Microsoft KB Archive/102725
Article ID: 102725
Article Last Modified on 2/20/2007
- Microsoft Windows 2000 Server
- Microsoft Windows 2000 Advanced Server
- Microsoft Windows 2000 Professional Edition
- Microsoft Windows 2000 Datacenter Server
- Microsoft Windows NT Advanced Server 3.1
- Microsoft Windows NT Server 3.5
- Microsoft Windows NT Server 3.51
- Microsoft Windows NT Server 4.0 Standard Edition
- Microsoft Windows NT Workstation 3.1
- Microsoft Windows NT Workstation 3.5
- Microsoft Windows NT Workstation 3.51
- Microsoft Windows NT Workstation 4.0 Developer Edition
- Microsoft Windows NT Advanced Server 3.1
This article was previously published under Q102725
The LMHOSTS file is a local text file that maps IP addresses to NetBIOS names of remote servers with which you want to communicate over the TCP/IP protocol. Windows recognizes names instead of IP addresses for network requests and a name discovery process is used to correctly route network requests with TCP/IP. Because the name discovery process is generally not routed by an IP router, the LMHOSTS file allows Windows machines to communicate using TCP/IP across a subnet.
This article is divided into the following sections:
- Comprehensive Information
- LMHOSTS Entry Cache
- Predefined Keywords
- More Information on Block Inclusion
- LMHOSTS contains IP address to "NetBIOS over TCP/IP" name translations.
- LMHOSTS is only used by the NBT (NetBIOS over TCP/IP) interface.
- LMHOSTS file contains some valuable additions to the LAN Manager and Windows for Workgroups LMHOSTS file, such as the ability to support routed domain logon validation.
- LMHOSTS contains static information about TCP/IP addresses, but using logon scripts and/or the replicator service, the "master" file can be distributed transparently across all stations.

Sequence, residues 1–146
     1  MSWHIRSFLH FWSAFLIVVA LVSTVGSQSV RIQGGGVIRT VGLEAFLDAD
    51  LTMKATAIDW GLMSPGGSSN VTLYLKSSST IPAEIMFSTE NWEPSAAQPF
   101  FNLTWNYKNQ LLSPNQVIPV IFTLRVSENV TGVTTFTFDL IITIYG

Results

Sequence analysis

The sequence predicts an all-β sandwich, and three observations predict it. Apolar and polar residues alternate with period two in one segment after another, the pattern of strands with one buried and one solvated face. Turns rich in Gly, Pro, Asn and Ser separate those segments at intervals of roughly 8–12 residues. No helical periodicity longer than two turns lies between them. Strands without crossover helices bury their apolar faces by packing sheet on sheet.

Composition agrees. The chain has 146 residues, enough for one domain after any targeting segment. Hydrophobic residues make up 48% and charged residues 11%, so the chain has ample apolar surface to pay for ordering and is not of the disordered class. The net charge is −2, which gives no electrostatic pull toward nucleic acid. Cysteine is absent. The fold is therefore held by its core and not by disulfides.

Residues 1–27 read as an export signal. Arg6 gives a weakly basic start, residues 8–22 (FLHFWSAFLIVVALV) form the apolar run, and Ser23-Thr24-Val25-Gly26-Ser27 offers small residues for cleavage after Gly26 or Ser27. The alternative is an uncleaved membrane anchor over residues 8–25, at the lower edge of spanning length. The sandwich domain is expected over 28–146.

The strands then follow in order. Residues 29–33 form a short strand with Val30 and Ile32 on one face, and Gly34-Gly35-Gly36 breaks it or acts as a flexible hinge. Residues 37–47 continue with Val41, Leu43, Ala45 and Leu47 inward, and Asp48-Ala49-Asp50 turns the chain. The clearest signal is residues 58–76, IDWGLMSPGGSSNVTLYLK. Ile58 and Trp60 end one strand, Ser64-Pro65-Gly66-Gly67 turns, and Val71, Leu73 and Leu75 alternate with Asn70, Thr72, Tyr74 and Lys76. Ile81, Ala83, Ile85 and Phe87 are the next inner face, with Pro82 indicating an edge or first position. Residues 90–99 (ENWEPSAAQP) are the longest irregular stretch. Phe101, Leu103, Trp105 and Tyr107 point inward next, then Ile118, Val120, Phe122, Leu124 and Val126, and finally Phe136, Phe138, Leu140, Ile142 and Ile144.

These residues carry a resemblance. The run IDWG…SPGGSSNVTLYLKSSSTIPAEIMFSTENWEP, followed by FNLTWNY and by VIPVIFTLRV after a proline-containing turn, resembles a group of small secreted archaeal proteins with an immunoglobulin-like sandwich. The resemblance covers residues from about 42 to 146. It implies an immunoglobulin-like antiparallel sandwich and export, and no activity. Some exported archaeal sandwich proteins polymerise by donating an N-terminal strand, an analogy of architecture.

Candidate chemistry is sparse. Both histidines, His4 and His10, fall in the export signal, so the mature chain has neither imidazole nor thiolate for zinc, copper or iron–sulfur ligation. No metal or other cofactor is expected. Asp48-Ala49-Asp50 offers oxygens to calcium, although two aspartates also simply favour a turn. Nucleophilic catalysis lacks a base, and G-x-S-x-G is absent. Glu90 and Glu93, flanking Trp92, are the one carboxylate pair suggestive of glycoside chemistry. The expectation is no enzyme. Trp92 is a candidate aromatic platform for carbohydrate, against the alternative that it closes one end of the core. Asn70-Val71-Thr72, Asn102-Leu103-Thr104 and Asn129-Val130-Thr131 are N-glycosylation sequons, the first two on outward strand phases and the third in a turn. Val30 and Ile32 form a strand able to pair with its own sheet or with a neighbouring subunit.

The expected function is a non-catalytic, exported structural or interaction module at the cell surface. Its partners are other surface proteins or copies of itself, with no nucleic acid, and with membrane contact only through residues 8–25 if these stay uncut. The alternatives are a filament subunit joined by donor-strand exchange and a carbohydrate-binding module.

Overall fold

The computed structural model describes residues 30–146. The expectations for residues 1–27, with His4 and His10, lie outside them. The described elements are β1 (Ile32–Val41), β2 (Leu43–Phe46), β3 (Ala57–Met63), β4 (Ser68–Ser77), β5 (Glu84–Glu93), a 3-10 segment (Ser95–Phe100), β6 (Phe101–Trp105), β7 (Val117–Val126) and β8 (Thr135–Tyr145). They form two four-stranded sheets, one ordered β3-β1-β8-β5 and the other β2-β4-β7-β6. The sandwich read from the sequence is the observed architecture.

- By default, the LMHOSTS file should be located in the directory %SYSTEMROOT%\SYSTEM32\DRIVERS\ETC (usually C:\WINNT\SYSTEM32\DRIVERS\ETC).
LMHOSTS Entry Cache
By default, entries specified with the #PRE keyword are cached at initialization up to a maximum of 100 entries. More initially cached entries can be obtained modifying the following Registry value:
The sequence used to determine NetBIOS to IP address resolution is the following: the cache is verified, a broadcast to the subnet is performed, and then additional entries from LMHOSTS are checked. If a connection is not established within 15 seconds, the TDI times-out and an error message is displayed.
All predefined keywords that are valid for Windows and Windows Advanced Server computers are not valid for LMHOSTS files on Microsoft LAN Manager or Microsoft Windows for Workgroups computers. These computers can't be validated by routed domain controllers the same way Windows NT computers can. To be able to validate them, use the LAN Manager TCP/IP Extensions Service available on all OS/2 LAN Manager (version 2.1a or later) servers.
- <remark line>
Used to remark IP address to NetBIOS names.
Defines which entries should be initially preloaded into the name cache.
Distinguishes Windows Advanced Server servers from Windows workstations, a LAN Manager server, or a Windows for Workgroups computer. This keyword is needed for all servers that validate logon requests.
Avoid Directed Name Queries (DNS). Some earlier versions of LAN Manager cannot handle NetBIOS DNS requests and return error 53. Specifying this flag on the same line will avoid using NetBIOS directed name queries.
#INCLUDE <\\server_name01\sharename\LMHOSTS> #INCLUDE <\\server_name02\sharename\LMHOSTS> ... #END_ALTERNATE Defines a redundant list of alternate locations for LMHOSTS files. The recommended way to #INCLUDE remote files is using a UNC path, to ensure access to the file. Of course, the UNC names must exist in the LMHOSTS file with a proper IP address to NetBIOS name translation. #MH Associates a single, unique NetBios computer name to an IP address. You can create multiple entries for the same NetBios computer name for each NIC in the multihomed device, up to a maximum of 25 different IP addresses for the same name.